CFYJ with students from Cesar Chavez Public Charter Schools of Public Policy
By Pauline Cao
This morning, the Alliance for Youth Justice, in partnership with the Campaign for Youth Justice, participated in a stimulating presentation for a class at Cesar Chavez Public Charter Schools of Public Policy. Mary Kate, Kate, and Daniela are three graduate students at Smith College School for Social Work and have been working with the Campaign over the past few months, researching and creating useful fact sheets. Part of their project is to engage the community about juvenile justice issues, and what better way is there to engage the community than engaging the youth themselves?
The students at the Chavez School learn about public policy and social justice issues to empower them to use critical thinking as civic leaders that are committed to bettering the world. These high school students at the Capitol Hill campus are very intelligent and absorbed in the issues. They were engaged and had enlightening comments to contribute throughout the entire presentation.
The presentation consisted of discussions about juvenile justice issues and a panel that was facilitated by CFYJ’s Shanta’ Gray. The panel comprised of two CFYJ Spokespersons, Michael Kemp and Keila Hailes. Michael is a formerly incarcerated youth, and Keila’s son is a youth that was affected by the system.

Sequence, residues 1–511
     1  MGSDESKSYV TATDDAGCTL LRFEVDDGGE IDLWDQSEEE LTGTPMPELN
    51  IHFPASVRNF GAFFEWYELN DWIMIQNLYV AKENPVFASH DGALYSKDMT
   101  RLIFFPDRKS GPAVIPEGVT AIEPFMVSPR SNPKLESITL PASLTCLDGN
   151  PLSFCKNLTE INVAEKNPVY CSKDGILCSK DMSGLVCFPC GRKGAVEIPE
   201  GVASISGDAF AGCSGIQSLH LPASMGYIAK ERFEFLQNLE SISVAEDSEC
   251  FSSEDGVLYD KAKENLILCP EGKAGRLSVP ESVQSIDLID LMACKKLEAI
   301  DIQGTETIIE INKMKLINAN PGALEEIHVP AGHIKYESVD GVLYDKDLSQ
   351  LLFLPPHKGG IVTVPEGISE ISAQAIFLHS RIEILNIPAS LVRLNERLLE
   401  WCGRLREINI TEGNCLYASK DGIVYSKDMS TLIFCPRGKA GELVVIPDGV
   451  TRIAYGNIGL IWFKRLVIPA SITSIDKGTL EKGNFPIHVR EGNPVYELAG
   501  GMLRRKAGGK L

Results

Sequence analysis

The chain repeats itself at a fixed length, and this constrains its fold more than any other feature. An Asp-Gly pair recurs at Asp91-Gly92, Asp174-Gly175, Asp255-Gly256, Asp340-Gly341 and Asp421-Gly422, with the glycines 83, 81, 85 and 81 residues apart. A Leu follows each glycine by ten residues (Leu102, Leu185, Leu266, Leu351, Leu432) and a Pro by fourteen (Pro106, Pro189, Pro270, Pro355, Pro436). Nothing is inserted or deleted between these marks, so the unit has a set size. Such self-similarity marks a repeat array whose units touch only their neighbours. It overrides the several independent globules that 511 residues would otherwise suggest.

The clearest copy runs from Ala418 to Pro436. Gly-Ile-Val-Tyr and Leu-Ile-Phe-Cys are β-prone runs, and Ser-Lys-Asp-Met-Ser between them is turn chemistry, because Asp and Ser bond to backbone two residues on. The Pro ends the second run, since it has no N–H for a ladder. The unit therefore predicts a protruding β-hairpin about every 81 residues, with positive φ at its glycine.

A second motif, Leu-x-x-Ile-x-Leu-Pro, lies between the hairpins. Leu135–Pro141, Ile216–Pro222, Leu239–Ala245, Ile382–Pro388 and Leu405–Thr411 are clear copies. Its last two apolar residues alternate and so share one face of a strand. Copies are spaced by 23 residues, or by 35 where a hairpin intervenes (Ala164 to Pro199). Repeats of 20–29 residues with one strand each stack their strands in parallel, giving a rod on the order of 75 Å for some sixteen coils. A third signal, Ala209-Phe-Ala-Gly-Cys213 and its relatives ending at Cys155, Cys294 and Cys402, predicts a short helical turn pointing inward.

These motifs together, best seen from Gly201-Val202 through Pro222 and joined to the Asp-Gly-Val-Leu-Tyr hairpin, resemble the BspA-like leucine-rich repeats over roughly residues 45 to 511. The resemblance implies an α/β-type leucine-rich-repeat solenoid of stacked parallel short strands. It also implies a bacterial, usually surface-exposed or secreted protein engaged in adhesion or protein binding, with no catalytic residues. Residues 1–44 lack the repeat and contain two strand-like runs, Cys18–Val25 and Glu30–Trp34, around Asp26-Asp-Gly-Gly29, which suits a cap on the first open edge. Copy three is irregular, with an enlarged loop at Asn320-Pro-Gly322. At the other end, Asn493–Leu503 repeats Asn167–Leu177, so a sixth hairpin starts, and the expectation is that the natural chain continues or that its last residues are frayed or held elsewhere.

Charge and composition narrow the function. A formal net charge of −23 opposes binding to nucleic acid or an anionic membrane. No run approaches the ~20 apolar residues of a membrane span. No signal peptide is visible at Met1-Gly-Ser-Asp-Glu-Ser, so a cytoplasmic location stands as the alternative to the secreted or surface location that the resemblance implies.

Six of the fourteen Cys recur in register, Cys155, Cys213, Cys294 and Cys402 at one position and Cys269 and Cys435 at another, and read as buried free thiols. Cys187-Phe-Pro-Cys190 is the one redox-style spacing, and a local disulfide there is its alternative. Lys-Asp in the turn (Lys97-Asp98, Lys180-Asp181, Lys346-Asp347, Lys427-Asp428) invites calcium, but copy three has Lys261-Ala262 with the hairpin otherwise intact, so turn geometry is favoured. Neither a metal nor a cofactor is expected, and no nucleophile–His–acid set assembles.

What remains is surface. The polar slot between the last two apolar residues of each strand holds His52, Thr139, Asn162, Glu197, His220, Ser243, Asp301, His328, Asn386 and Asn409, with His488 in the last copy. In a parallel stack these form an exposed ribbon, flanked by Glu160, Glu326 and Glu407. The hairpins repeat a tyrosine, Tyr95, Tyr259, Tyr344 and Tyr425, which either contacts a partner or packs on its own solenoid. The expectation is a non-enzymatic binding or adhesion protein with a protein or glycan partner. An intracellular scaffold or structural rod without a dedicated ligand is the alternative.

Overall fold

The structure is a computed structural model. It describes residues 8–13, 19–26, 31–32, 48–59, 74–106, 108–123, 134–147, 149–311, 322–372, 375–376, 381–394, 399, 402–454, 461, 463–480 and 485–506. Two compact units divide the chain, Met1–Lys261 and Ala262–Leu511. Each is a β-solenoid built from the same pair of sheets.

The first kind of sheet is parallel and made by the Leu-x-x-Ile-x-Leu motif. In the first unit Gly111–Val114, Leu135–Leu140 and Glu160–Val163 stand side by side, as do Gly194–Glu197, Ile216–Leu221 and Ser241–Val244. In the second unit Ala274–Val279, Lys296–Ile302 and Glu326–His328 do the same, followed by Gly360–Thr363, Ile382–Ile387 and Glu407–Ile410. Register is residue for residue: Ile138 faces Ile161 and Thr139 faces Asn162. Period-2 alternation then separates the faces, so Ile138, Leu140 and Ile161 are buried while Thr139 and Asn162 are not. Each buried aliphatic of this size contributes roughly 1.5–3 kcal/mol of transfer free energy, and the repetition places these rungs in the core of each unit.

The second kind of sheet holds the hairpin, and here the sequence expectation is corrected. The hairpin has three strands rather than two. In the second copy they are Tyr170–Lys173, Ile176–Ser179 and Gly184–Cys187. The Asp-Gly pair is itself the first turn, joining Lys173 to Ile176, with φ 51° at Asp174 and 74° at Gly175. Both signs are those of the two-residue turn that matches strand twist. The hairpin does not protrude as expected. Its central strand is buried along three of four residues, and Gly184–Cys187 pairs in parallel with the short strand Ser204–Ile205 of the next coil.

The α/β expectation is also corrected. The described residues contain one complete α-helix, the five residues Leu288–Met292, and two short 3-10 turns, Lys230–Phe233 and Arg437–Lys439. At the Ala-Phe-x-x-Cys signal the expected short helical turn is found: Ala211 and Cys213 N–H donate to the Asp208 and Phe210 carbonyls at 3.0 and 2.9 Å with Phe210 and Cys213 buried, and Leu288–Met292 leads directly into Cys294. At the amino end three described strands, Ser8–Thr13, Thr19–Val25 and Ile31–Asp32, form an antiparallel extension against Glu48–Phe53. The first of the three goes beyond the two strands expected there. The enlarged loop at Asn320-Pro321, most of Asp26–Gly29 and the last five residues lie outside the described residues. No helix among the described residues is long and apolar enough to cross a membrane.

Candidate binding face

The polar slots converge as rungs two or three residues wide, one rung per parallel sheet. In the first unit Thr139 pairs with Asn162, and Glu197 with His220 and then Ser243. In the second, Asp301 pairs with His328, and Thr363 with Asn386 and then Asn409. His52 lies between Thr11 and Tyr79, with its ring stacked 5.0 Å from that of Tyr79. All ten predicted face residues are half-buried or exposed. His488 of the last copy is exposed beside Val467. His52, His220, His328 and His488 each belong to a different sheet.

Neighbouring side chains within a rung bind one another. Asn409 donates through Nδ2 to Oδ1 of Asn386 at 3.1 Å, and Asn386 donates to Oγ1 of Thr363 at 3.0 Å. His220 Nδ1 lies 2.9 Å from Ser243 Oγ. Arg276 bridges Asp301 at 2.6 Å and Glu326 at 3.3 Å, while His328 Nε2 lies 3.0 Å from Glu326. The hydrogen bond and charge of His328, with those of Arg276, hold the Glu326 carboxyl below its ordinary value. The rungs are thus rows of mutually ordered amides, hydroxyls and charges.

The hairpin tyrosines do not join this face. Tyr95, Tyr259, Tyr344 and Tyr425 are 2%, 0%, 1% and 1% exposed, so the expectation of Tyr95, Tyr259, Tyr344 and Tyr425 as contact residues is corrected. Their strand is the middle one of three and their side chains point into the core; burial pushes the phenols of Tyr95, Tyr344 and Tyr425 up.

After hearing Michael and Keila’s stories, the students were able to ask questions and have captivating discussions with the spokespeople. For example, during a discussion about education for youth after serving time, they often are sent to alternative schools instead of their typical class setting they were at before they were incarcerated. One student bravely opened up about how he went to an alternative school before attending a Chavez School and he is grateful for the school he is at now. He powerfully said, “I got out and I’m never going back”. In fact, this student is graduating this year.
The students at Cesar Chavez had to do a take away ticket at the end of the presentation, the take away was to share the information they learned in the presentation with their peers and the community. The students suggested sharing the material with teachers, friends, and specifically friends who have been affected by criminal justice system in Washington, DC.